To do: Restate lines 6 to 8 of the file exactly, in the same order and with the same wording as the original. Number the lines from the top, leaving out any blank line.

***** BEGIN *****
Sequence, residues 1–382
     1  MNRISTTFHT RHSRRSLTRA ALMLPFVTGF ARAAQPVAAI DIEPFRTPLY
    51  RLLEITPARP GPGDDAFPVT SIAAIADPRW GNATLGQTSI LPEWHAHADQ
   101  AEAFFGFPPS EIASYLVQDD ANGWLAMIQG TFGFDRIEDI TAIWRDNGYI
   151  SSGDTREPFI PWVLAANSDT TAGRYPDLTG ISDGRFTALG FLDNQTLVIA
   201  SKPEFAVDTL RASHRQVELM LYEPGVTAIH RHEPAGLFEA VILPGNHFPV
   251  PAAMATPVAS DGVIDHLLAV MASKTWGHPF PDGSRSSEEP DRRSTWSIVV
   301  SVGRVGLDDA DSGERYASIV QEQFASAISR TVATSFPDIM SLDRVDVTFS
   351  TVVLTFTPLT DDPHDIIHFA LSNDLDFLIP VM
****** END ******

   201  SKPEFAVDTL RASHRQVELM LYEPGVTAIH RHEPAGLFEA VILPGNHFPV
   251  PAAMATPVAS DGVIDHLLAV MASKTWGHPF PDGSRSSEEP DRRSTWSIVV
   301  SVGRVGLDDA DSGERYASIV QEQFASAISR TVATSFPDIM SLDRVDVTFS